“Like Spoon, if Spoon smoked happier weed.”

So read the description for Yohannes, a Boston indie-rock band, on the Facebook event page for one of their Spring house shows. “Honestly, that’s one of the best descriptions I’ve heard of us,” laughs Yohannes frontman Keenan Hye. Perched on a Mission Hill rooftop, we’re gazing the Boston skyline as Alex strums quietly on his guitar and Zack subconsciously taps out a funky beat. They’re calm now; only moments ago bursting with laughter and energy as the gregarious group recounted stories with all the lively banter of birds over a home cooked dinner of baked salmon and clams. Not only were they clever enough to bribe me with food, but they are creatively shameless about encouraging their fans to sign up for their mailing list (they’ve played songs for mailing list members in the past).

The band formerly known as Royale may have changed their name and grown up musically, but at heart they’re still the same ambitious, creative and goofy group they were when they began jamming in their dorm room freshman year. They’re the only people I know that keeps an album of photos they’ve been accidentally tagged in (“Yohannas is a popular Ethiopian name”) and they’ve been known to perform in everything from raincoats and umbrellas (inside) to Superman onesies. Before you even see them live, their Facebook feed serves as a sampler that will give you a taste of the quirky personality in store when you see them live.

For them, music is a “creative outlet”. “Whatever we do in music, we want it to be in a new and fun way. We don’t like to just follow a pattern; we put a lot of thought and work into everything we do,” Keenan notes.

But why the change from Royale to Yohannes? “We love caulk,” Alex Vipond says with a straight face as the guys dissolve into giggles around the table.

Keenan explains, “We have a maintenance man downstairs named Yohannes and he fixes everything with caulk.” 

“Anything and everything,” Zack adds.

“90% of the walls are caulk,” Alex finishes.

“We were so different and our sound was different from when we started freshman year (“Less shitty,” Zack voices subconsciously) that we felt it was time to change our name to reflect that.”

“Less college-rock-band cliche” Eli mumbles vehemently through a mouthful of rice.

Keenan continues, “We were all sitting around brainstorming, thinking how can we describe ourselves?”

“Barely-have-our-shit-together came to mind,” Alex laughs. “And we thought . . . who else barely has their shit together? That would be Yohannes.”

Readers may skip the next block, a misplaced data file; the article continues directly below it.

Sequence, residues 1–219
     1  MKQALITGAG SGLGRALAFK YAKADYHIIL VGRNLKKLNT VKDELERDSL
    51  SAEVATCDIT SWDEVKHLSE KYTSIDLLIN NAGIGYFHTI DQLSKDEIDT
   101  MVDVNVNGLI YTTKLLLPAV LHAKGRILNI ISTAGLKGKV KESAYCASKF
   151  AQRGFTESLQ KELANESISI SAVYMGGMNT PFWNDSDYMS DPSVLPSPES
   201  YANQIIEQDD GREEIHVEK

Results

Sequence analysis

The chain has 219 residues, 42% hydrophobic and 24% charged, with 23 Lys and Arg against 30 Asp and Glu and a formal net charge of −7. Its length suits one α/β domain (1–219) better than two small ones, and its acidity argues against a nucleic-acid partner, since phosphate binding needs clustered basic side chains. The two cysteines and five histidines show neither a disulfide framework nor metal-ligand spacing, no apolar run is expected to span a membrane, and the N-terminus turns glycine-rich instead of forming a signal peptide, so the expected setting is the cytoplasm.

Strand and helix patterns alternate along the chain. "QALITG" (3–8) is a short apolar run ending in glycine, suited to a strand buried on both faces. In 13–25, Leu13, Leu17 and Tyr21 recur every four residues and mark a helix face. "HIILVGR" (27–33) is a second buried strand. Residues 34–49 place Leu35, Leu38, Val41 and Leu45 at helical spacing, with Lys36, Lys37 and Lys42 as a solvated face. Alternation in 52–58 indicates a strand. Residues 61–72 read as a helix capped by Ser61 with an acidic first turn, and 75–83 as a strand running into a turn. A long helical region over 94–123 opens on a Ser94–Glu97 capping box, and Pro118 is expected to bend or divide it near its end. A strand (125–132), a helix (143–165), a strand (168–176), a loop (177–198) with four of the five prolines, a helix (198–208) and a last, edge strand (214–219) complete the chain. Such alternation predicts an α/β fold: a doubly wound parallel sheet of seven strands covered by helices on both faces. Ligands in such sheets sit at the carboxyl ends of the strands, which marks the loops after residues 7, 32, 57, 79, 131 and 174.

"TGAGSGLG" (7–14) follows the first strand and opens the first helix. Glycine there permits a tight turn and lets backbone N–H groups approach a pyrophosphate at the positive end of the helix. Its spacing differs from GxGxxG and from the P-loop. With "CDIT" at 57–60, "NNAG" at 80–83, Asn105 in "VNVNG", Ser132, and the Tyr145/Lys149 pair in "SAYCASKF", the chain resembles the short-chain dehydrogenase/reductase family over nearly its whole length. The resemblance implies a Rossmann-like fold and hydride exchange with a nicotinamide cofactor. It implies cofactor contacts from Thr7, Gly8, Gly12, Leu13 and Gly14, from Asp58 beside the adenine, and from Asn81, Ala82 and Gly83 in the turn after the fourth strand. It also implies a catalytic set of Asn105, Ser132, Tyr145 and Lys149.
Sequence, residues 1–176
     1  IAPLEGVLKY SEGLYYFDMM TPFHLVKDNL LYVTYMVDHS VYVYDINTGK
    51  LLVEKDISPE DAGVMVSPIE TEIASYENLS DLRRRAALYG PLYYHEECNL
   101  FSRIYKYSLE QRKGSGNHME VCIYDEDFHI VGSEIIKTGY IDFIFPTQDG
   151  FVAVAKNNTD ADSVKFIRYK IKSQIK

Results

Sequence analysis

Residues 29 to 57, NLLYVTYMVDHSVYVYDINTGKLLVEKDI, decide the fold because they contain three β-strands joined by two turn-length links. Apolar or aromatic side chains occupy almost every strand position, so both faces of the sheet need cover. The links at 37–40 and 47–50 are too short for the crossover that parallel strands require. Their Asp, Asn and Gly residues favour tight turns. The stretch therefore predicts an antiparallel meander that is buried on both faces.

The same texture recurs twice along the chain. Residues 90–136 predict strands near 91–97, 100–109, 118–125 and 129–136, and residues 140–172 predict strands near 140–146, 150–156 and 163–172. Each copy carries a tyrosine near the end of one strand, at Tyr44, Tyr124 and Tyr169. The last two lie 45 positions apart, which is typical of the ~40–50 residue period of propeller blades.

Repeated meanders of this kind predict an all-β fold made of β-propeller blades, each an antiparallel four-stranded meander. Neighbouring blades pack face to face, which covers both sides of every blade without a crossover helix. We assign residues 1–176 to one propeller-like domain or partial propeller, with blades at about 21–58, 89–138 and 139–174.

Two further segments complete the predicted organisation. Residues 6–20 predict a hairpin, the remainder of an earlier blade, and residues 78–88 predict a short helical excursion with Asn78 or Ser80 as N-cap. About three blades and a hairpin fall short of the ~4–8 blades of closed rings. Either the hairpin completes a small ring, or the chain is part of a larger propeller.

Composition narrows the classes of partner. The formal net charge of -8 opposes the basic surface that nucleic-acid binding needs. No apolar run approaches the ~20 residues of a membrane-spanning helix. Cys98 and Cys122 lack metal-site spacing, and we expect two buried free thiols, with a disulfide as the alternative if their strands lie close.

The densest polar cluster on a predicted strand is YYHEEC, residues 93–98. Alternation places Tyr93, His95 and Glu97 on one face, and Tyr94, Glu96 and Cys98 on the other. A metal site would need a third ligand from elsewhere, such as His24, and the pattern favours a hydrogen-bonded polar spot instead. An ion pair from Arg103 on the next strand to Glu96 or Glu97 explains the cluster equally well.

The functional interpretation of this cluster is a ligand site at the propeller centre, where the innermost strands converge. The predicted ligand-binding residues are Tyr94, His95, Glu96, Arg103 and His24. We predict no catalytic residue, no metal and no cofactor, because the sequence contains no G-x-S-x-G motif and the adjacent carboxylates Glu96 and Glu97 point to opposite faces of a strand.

For people who claim to barely have their shit together, they put an immense effort into everything they do. From Ok Go-inspired music videos to their writing process, all their work is a passion project. “We’re all involved in the creative process now,” Keenan notes. “That’s one of the biggest changes from when we first started together. Before me and Alex would just write the songs and come to Eli and Zack with bass lines and drum parts in mind, but now we’re all involved in the process and we’re openly critiquing each other.”

Eli breaks in, “On the upcoming album, we’re all writing the lyrics together as well.” He flicks a piece of rice at Keenan, “Keenan used to write about girls mostly, but the new album is a lot more diverse.”

It’s not just the lyric writing they share, you’ll see them do a little Chinese fire drill to switch instruments at least once a set. Their apartment is a veritable stockpile of performing equipment: guitars rub shoulders with drums and mics while banjo, mandolin, cello and saxophone all jockey for position in the corner. There’s even a rain stick. They do all their recording and mastering in-house and friends like rapper Manni Festo or Martin Mancer will often swing up to jam.

“We want to be known for having an open-door policy,” Eli says. “The more collaboration the better, especially across genres and artistic mediums. Our neighbors break dance and we did a house show one time where they danced while we did our set; it was an awesome experience.”

As for the future? “We’re going to buy a farm,” Zack says. “We want to set up a studio in the barn and tend to the animals.”

“And then when we turn 69 we’re going to drop whatever we’re doing and become a rad jazz band that plays at wedding,” Keenan fantasizes. “But for right now this year is a busy one. We want to experiment with recording styles and locations; everything we do we want to be different. It sounds like a cliche, but we’re not content with doing the average path. We just want to be absurd and push the boundaries of what has been done with music.”

“We’re just trying to stay genuine and put as much of ourselves into our music as possible.” Eli says as the group nods. “There are so many people are telling bands what to do; don’t post that, act like this. We don’t want to follow any specific steps. We’re just going to do our own thing.”

Although they’ll be hibernating until January to record their album, you can catch an elusive sighting of them at The Fever Tree this Friday. As part of Allston’s underground live music scene, the address is a secret, but ask around to find what will be an incredible show stocked with local Boston talent.